To do that merge well, there isn’t one answer. First, you have to be aware and willing to make the effort. Schools simply don’t understand tikanga properly. Teachers actually need to be taught Māori history and tikanga. I would have liked for teachers to see from my perspective. I feel like that’s what the school missed. Colonial points of view were forced onto me and my Māori peers. I didn’t care about these old white men who did nothing for me but take my land. That’s where the questions arise – why weren’t we learning Māori history or Māori literature?
Ihumatao was never mentioned by Pākehā teachers at school. We were going there every day to protest, and the only time you’d talk about it is when some white teachers would start arguing with you about it. It was right in our backyard and we weren’t given the opportunity to understand and study it. In social studies, we did get to study Parihaka. But when I was doing the assessment, the evidence I gathered was kōrero because Māori ways of teaching are passed down through kōrero. My history teacher didn’t validate my evidence because it wasn’t a university cited reference. They questioned the validity, but I got that information from a direct descendant of Parihaka. How can you tell me that their word is not valid, but this British guy who wrote a formal essay about Parihaka is valid? It shows a difference in tikanga. My history teacher probably didn’t understand that.
Then, there’s just obvious racism. I didn’t realise how big it was in schools until I cast my mind back to all those years. I never raised it because I didn’t think about it. But I shouldn’t have had to because I was a kid. I was suppressed in my voice because they only ever wanted me when they needed me. Which makes me feel mana-munched. Which then made me think that this is okay. As much of an activist as I am, I can’t believe they managed to shut me up like that.
When I was in year 13 they finally hired two senior staff members who were Māori and Samoan. Until then it felt like everyone in power was white, even though 80% of the school was brown, so to see that change gave me hope. Seeing two brown faces in positions of power, who were empathetic because they were experiencing what we were experiencing, that finally gave us a voice. The new leaders understood us kids more. Once they came into power more cultural representation came out. Language weeks were emphasised because those two pushed for it. It gave power to the people.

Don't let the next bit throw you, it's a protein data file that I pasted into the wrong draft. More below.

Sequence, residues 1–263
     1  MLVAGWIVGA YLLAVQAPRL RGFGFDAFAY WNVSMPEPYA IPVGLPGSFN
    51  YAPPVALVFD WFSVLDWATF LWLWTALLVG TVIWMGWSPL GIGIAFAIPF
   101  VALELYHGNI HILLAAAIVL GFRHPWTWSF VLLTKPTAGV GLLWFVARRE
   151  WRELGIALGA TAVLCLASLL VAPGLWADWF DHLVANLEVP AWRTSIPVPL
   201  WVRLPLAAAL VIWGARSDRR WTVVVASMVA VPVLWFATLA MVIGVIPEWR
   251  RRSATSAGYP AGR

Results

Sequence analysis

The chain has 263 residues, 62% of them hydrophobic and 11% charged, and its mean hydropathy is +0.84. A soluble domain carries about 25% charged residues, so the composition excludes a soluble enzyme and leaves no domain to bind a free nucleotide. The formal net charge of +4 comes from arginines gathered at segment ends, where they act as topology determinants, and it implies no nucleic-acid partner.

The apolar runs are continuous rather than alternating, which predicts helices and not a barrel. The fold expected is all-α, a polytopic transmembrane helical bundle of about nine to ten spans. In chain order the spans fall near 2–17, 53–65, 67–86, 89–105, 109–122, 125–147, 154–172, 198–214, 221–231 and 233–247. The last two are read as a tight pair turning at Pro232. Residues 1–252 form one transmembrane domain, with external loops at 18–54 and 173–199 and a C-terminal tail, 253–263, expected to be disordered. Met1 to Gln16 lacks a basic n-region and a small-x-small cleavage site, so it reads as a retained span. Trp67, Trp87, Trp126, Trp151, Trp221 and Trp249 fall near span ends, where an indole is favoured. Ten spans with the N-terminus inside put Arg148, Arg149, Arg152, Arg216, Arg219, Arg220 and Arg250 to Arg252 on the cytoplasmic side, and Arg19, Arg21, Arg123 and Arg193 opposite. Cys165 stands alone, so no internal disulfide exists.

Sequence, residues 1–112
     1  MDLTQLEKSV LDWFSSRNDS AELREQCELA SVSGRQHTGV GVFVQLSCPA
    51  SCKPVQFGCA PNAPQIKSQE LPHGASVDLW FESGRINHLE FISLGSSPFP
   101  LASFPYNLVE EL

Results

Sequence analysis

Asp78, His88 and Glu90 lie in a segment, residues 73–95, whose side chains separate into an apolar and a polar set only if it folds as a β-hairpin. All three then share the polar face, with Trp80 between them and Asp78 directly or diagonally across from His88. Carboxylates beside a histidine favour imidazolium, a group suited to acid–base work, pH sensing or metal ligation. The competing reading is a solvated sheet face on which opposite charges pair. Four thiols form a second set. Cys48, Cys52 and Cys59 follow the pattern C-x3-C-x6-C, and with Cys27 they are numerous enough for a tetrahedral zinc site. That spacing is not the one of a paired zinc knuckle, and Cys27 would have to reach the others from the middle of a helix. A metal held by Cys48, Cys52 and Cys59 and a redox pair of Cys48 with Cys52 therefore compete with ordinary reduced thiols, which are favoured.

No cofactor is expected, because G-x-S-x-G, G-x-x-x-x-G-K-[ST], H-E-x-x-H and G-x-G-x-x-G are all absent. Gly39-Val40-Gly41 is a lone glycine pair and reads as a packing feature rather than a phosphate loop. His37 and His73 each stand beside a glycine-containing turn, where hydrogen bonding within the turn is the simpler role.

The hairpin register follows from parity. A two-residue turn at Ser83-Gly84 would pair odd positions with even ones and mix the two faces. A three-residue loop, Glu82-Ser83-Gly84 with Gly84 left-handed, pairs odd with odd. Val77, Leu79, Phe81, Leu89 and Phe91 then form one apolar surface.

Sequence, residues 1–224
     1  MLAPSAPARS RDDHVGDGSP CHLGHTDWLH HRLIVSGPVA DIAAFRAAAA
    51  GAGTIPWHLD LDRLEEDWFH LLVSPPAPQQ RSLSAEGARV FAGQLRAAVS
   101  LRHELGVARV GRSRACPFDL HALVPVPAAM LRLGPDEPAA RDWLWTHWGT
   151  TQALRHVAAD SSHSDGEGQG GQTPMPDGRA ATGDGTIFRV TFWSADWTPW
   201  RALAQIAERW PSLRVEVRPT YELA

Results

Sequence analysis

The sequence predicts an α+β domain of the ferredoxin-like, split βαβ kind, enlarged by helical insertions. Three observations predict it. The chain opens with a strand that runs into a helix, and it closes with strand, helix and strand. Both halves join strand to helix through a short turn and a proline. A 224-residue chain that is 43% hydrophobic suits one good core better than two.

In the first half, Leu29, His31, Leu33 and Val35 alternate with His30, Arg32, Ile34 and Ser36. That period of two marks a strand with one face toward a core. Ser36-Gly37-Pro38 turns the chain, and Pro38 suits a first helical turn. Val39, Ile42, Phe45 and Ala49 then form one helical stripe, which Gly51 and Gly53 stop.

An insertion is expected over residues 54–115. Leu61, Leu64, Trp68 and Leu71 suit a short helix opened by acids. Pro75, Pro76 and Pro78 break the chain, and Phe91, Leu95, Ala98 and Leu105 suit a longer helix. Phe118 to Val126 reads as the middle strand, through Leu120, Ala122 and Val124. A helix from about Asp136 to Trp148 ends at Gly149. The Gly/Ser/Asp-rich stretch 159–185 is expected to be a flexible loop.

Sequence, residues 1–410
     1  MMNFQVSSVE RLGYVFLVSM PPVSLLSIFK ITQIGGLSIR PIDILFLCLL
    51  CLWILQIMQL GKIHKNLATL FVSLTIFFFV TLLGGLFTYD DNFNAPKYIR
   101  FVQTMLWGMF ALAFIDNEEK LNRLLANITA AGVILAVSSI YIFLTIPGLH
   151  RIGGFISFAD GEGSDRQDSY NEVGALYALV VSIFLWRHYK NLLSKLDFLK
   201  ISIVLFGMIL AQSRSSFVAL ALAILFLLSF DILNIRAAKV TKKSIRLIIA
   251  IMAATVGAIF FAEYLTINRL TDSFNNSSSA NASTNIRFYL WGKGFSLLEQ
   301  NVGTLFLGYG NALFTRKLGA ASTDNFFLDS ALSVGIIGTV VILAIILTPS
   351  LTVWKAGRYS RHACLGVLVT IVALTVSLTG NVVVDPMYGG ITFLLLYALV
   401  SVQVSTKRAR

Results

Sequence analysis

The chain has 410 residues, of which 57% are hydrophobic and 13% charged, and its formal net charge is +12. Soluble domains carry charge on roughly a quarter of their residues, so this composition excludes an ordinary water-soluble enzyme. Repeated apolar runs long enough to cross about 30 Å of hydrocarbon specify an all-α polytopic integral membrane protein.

As a youth worker for a Māori-run non-profit, I’ve learned that there is more than one way to teach a kid. Sitting at a desk, head in the books, looking at a laptop: there is more than just that method. Te Ao Māori is about relationships. That’s how we learn – when there’s focus on creating connections and giving opportunities to young people to express themselves. It is about having power with, not power over, which would be a beautiful thing to see between kaiako and rangatahi. Students don’t want to be looked down upon. I don’t want to sit at a desk while a teacher stands in front and dictates over me. I want a teacher who understands me. There should be mutual power. That way you are listening to the kid and what they want to do, while still teaching them what they need to know.
It’s not about becoming better just for Māori, it’s how we get better together as a society. It will take every culture in Aotearoa learning tikanga for things to be okay for us indigenous people. We aren’t forcing it down your throat; we just aren’t letting Pākehā shove colonial aspects down our throats any more. We’ve been forced to understand colonial tikanga. Now we are just trying to help you understand our culture. Everyone must buy into each other’s tikanga.